Neighborhood social cohesion and disease prevention in Asian immigrant populations

Prev Med. 2020 Dec;141:106298. doi: 10.1016/j.ypmed.2020.106298. Epub 2020 Oct 22.

Abstract

In the United States (US), chronic disease risk factors are highly prevalent among Asian immigrant communities, who also exhibit low health screening rates. Perceived neighborhood social cohesion (NSC) has been associated with preventive healthcare use in the general US population, although it remains unexplored among Asian Americans (AAs). The aim of this study is to evaluate the association between NSC and preventive screening for hypertension, high cholesterol, diabetes, and depression among East, South and Southeast Asian American (EAA, SAA, SEAA) communities in New York City (NYC) using cross-sectional, locally collected data from 2013 to 2016. NSC was assessed using a 4-question scale to create an additive score between 4 and 16 and was analyzed both as a continuous and categorial variable (High, Medium, and Low tertiles). Recent screening was defined as a check-up within the last year for each of the included health conditions. A one-unit increase in NSC score was associated with increased odds of recent screening for high cholesterol in EAAs (AOR = 1.09, 95%CI:1.00-1.20); for high cholesterol, diabetes, and depression in SAAs (AOR = 1.08, 95%CI:1.00-1.20; AOR = 1.07, 95%CI:1.00-1.15; AOR = 1.15, 95%CI:1.06-1.25); and with high cholesterol among SEAAs (AOR = 1.12, 95%CI:1.00-1.25). Overall, NSC was an important facilitator for preventive screening behaviors for specific conditions in different groups, though was consistently associated with screening for high cholesterol in our sample. Enhancing NSC through family and community-based programming may be one strategy to encourage screening for preventive behaviors, though more research is needed to elucidate a precise mechanism.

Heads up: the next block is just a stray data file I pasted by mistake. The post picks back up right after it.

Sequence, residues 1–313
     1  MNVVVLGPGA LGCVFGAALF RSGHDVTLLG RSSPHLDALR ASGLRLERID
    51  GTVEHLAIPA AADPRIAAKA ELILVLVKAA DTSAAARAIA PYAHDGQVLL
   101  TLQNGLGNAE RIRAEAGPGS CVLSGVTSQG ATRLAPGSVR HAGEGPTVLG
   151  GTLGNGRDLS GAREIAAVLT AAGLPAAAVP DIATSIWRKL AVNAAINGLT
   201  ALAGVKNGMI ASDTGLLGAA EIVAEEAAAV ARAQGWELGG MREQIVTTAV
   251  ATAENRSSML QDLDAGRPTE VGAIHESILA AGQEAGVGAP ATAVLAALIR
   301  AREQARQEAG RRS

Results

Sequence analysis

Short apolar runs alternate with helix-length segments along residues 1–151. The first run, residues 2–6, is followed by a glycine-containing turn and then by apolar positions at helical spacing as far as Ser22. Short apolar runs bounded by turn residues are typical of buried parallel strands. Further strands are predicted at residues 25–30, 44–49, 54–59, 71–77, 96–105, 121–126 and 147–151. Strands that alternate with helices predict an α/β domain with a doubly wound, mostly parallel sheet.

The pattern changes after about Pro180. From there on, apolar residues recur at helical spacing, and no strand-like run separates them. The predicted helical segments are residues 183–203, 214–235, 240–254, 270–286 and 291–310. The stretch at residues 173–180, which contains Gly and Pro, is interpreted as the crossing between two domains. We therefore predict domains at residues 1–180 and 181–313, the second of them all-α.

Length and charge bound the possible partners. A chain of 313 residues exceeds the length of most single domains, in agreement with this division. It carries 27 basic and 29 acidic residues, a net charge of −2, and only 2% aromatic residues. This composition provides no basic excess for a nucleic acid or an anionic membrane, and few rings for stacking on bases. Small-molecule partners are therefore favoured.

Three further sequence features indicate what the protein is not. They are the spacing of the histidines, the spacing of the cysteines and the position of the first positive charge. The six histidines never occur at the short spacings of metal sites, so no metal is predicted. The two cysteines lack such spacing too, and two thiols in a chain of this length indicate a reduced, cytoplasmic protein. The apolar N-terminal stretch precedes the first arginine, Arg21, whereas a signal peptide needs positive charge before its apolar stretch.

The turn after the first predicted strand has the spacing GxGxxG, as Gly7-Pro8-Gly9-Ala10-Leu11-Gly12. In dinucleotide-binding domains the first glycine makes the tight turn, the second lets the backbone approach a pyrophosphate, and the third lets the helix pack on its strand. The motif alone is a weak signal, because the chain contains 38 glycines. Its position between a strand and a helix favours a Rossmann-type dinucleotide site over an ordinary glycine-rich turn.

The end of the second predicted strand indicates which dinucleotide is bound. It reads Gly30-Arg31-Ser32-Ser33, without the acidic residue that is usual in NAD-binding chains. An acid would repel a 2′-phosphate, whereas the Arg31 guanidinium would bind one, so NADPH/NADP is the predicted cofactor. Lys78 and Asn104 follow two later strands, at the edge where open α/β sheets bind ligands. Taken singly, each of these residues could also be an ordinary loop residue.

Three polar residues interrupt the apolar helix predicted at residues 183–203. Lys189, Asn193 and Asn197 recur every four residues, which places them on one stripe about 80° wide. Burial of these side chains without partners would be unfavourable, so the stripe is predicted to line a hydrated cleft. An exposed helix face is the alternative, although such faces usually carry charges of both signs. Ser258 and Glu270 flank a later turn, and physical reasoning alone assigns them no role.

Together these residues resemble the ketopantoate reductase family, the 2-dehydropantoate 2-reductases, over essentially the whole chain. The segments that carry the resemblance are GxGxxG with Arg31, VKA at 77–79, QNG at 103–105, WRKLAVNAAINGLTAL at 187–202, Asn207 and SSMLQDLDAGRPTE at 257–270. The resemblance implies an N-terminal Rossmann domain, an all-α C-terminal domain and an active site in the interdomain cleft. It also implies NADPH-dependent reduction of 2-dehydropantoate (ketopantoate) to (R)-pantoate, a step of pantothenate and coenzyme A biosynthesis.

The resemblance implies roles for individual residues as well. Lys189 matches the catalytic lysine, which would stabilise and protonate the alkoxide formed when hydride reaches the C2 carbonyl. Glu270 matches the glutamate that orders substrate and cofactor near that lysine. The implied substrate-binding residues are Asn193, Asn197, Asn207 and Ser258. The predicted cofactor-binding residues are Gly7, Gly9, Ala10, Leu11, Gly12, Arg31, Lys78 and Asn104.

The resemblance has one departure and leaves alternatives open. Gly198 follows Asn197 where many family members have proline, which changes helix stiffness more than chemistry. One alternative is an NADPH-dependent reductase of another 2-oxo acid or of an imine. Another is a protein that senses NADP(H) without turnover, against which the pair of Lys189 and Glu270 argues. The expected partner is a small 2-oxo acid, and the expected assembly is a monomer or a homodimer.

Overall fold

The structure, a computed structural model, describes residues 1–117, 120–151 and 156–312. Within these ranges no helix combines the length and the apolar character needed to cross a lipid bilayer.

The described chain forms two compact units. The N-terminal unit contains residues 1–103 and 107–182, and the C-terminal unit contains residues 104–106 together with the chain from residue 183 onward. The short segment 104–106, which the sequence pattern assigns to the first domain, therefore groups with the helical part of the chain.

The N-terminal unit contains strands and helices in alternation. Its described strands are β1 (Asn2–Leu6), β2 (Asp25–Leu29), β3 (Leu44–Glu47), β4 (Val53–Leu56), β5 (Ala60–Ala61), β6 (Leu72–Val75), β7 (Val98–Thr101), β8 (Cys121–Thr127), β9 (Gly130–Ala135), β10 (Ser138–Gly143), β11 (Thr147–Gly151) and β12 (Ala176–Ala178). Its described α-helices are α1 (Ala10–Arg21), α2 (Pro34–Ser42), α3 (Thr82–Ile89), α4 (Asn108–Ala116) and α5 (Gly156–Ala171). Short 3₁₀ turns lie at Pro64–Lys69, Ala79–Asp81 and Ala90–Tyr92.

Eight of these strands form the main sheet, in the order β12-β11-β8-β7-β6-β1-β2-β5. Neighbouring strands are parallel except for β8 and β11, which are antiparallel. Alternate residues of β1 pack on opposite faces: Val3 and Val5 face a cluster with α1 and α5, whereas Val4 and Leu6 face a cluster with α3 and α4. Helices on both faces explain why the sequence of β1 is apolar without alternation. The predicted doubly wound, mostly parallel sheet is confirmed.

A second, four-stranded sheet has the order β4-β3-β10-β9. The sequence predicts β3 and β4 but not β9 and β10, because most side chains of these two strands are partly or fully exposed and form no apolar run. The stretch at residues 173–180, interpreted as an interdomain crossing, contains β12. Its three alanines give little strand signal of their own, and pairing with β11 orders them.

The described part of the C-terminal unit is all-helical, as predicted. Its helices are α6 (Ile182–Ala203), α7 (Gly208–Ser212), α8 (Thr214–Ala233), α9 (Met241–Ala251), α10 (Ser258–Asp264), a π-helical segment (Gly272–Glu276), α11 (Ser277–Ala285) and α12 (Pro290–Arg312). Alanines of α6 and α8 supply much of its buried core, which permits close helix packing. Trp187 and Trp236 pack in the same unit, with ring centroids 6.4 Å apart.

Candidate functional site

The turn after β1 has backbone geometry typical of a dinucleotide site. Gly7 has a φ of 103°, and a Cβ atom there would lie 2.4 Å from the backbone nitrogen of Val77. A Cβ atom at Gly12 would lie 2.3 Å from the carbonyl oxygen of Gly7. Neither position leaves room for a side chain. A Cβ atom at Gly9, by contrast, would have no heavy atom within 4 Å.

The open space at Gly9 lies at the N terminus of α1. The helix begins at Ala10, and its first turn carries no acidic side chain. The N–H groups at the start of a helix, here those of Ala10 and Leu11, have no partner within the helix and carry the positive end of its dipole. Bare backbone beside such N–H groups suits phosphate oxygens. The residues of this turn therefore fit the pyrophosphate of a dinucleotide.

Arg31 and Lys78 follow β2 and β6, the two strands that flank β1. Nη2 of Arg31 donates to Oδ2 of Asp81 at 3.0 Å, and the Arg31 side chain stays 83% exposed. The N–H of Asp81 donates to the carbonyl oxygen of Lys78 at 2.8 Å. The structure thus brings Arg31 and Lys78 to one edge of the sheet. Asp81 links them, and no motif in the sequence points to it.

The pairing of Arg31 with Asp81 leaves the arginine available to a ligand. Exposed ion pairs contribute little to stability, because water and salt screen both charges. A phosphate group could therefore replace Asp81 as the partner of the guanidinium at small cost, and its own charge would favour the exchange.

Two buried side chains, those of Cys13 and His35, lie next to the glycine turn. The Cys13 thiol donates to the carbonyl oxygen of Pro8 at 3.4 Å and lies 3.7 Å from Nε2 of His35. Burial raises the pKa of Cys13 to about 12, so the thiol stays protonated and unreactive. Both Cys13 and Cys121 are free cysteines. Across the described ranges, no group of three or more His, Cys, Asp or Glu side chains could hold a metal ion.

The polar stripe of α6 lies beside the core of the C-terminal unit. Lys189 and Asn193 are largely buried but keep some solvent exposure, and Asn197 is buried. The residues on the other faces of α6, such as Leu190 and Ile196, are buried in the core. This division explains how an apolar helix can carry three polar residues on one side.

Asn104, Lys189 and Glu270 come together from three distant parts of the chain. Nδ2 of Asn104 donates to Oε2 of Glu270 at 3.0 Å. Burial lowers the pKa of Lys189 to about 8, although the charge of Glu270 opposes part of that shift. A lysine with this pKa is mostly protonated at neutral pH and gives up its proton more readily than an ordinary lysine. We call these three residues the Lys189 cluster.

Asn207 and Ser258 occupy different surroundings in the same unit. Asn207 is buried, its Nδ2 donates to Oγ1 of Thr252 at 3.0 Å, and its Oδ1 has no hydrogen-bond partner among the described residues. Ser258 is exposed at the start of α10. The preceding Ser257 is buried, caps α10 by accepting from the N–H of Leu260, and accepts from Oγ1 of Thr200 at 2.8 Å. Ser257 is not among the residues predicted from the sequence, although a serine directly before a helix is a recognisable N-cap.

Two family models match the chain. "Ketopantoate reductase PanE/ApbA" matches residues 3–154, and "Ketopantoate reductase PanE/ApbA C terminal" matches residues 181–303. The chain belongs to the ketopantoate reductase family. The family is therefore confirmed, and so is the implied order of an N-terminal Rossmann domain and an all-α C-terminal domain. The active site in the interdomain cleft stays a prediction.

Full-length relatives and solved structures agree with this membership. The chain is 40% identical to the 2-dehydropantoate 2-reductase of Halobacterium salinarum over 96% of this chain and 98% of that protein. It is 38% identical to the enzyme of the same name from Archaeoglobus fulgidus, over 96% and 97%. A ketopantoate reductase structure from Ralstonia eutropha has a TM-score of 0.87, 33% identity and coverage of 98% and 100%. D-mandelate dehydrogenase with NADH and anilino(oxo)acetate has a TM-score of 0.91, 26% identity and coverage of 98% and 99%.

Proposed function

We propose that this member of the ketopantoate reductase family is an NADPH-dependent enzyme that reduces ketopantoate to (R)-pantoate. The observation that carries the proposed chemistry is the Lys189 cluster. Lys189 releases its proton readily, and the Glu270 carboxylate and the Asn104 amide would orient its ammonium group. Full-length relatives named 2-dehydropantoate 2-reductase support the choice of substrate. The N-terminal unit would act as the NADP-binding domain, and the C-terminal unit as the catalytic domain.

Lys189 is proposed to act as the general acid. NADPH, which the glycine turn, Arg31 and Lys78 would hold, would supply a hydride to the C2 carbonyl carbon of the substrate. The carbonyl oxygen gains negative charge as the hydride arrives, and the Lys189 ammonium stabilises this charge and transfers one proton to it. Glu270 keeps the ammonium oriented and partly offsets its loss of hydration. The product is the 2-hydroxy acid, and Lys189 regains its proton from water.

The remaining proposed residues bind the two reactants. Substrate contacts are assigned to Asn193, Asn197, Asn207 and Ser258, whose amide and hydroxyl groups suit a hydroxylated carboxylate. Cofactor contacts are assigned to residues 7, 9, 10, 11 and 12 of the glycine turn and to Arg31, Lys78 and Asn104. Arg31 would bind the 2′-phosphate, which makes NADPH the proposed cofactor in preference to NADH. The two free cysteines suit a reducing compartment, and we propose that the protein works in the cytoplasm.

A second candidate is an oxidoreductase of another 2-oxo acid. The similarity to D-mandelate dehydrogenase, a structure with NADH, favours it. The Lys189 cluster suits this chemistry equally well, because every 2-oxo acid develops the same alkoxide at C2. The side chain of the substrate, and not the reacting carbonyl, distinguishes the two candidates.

Keywords: Asian immigrants; Cholesterol; Depression; Hypertension; Neighborhood environment; Screening; Social cohesion; Social support; Type 2 diabetes.

Publication types

  • Research Support, N.I.H., Extramural
  • Research Support, U.S. Gov't, P.H.S.

MeSH terms

  • Asian Americans
  • Cooperative Behavior*
  • Cross-Sectional Studies
  • Delivery of Health Care
  • Emigrants and Immigrants*
  • Humans
  • New York City
  • Residence Characteristics
  • United States